There has been a lot of chatter about how the 2-3 format of the division series — with the higher seed starting on the road for two games — is not really a home field advantage. It certainly hasn’t been for the A’s, as they have started off their series 0-2 in Detroit despite having said advantage, theoretically speaking.
Jonny Gomes put a bit of a point on that yesterday when he spoke with Susan Slusser of the San Francisco Chronicle:
Gomes said the A’s 8 a.m. and 9 a.m. buses to the ballpark Sunday felt like 5 a.m. and 6 a.m. for the West Coast team. “It’s tough to call that a home-field advantage,” he said. …
Well, I guess that does kinda stink. And given that, aside from this year’s schedule, which was necessitated by a compressed playoff calendar, baseball has generally abandoned the 2-3 structure, it seems that no one really agrees that 2-3 advantages the higher-seeded team. Also mitigating against any advantage in a 2-3 is the fact that, over the course of baseball history, winners of Game 1 in any series have a pronounced edge.
That said, outside of the Oakland-Tigers tilt, the higher-seeded teams in these division series are 4-0 so far, so I don’t think Gomes is gonna get too many people to join his pity party.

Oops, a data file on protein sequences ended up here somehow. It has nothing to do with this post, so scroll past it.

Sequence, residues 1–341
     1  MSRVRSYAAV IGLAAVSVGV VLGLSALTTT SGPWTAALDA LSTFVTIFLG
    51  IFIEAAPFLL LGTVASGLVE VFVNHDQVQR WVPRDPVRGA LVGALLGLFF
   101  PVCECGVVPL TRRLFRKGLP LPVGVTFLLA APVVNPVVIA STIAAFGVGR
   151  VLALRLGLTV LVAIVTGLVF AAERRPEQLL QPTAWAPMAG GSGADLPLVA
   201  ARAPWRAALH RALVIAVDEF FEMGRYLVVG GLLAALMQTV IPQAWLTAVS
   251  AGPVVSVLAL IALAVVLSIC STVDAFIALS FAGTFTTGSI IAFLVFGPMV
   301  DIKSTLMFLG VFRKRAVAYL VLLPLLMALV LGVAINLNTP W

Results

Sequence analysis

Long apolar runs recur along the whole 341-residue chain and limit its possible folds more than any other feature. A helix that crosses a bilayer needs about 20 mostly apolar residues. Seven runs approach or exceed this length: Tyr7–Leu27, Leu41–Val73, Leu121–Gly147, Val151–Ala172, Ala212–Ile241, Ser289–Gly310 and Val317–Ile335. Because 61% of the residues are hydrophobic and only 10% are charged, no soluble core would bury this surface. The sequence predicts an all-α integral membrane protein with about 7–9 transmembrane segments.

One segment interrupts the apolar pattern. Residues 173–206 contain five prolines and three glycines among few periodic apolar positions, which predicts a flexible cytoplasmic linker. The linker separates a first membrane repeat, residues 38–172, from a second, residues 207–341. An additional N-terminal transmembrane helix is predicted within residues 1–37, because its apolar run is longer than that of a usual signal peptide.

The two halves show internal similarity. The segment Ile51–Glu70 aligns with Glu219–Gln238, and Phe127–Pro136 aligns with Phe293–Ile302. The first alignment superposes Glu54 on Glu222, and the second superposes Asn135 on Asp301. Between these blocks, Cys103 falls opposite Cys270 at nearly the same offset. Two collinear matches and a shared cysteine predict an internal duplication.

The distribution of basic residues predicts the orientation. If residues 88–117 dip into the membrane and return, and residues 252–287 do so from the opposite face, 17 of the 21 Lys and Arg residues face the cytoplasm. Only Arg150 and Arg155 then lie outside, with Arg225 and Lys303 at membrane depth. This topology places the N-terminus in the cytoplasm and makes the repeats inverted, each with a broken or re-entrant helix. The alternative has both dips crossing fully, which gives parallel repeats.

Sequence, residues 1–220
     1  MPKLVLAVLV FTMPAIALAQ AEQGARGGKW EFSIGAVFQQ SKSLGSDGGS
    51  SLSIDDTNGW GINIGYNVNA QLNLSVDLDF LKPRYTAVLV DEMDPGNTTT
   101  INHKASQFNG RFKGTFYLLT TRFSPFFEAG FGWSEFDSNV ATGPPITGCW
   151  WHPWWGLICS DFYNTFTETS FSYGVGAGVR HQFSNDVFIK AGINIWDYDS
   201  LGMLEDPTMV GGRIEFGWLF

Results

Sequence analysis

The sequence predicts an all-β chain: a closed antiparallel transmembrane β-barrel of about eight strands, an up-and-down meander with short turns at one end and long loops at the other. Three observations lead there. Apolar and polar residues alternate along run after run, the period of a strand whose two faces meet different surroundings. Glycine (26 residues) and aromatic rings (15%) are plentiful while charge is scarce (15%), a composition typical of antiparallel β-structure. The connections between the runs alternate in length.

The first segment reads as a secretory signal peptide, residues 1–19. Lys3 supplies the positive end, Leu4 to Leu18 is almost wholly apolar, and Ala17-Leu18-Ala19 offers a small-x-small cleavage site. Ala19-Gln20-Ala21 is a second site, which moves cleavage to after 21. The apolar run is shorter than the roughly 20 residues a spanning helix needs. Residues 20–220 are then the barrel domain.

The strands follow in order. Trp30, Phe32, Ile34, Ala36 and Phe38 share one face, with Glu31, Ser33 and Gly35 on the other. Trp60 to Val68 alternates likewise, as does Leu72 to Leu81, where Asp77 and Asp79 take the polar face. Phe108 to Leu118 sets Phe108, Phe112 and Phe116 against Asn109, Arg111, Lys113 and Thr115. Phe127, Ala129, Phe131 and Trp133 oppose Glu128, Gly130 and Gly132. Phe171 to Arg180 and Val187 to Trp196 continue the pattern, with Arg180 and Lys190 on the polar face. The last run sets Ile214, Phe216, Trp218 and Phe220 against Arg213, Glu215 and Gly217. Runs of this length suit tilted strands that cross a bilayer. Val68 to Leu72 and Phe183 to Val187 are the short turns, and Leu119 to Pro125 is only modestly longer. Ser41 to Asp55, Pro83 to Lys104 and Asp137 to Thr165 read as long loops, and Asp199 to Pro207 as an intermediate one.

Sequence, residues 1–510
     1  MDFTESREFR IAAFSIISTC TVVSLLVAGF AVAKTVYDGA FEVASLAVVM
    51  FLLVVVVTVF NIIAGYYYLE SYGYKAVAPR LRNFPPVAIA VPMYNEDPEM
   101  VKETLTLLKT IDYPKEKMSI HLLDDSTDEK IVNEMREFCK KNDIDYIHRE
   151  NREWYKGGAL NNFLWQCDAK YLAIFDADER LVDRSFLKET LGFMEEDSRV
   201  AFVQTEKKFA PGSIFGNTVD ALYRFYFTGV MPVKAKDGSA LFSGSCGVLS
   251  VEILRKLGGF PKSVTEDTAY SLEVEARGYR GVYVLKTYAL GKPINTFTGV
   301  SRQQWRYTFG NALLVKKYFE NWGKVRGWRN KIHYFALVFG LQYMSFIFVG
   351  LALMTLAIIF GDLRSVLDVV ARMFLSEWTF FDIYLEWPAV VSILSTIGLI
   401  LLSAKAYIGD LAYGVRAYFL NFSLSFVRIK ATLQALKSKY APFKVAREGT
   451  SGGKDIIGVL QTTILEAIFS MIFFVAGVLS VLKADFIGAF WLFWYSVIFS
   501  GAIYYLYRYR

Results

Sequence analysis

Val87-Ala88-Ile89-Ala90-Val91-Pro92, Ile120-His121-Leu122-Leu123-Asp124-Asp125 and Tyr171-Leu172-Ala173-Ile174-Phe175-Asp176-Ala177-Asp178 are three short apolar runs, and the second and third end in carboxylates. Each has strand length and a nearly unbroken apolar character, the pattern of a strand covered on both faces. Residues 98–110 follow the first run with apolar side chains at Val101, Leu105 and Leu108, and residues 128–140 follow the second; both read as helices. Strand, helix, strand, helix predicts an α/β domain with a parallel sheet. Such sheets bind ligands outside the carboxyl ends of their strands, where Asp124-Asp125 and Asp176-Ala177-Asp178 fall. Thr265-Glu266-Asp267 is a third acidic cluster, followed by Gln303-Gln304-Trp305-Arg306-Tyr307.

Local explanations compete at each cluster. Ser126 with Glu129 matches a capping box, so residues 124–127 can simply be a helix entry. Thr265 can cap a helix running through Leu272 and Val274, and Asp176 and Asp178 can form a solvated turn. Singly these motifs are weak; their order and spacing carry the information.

Just when Matt Harvey drama seemed to be subsiding, Matt Harvey drama begins anew.
Adam Rubin of ESPN New York reports that the Mets starter missed a mandatory workout today at Citi Field. Sandy Alderson had no information about why Harvey was gone and Harvey was not excused by the team. Alderson gave no comment.
Just a few minutes ago Harvey showed up and upon getting in front of reporters issued a brief statement with little elaboration:
Because this is New York, you know darn well there will be more to this. We’ll update when it comes out.
UPDATE: Harvey is being fined an undisclosed amount. You may now commence writing your “Matt Harvey just doesn’t get it!” columns.
Dan Jennings‘ tenure as the Marlins manager has not been great and the team is now actively looking for his replacement. But his old job is there waiting for him if he wants it, reports Clark Spencer of the Miami Herald: Jennings has been asked to come back as the team’s general manager.
Or maybe “asked” is not correct. Team President David Samson said “there’s no decision” for Jennings to make and that he’s still “a signed member” of the team’s front office, reporting to baseball operations president Michael Hill.
Reports last month suggested that Jennings would take a wait-and-see approach regarding returning to the Marlins front office, with hopes of possibly landing a GM job in another organization with greater control than he’s had and will have with the multi-headed Marlins management team. The Mariners, for one, were a team Jennings was said to have his eye on. But that job has been filled and it would not seem like such opportunities have presented themselves to him.
So: it would seem a good bet that Jennings is back upstairs with the Marlins soon. Because the Marlins fully expect him to be.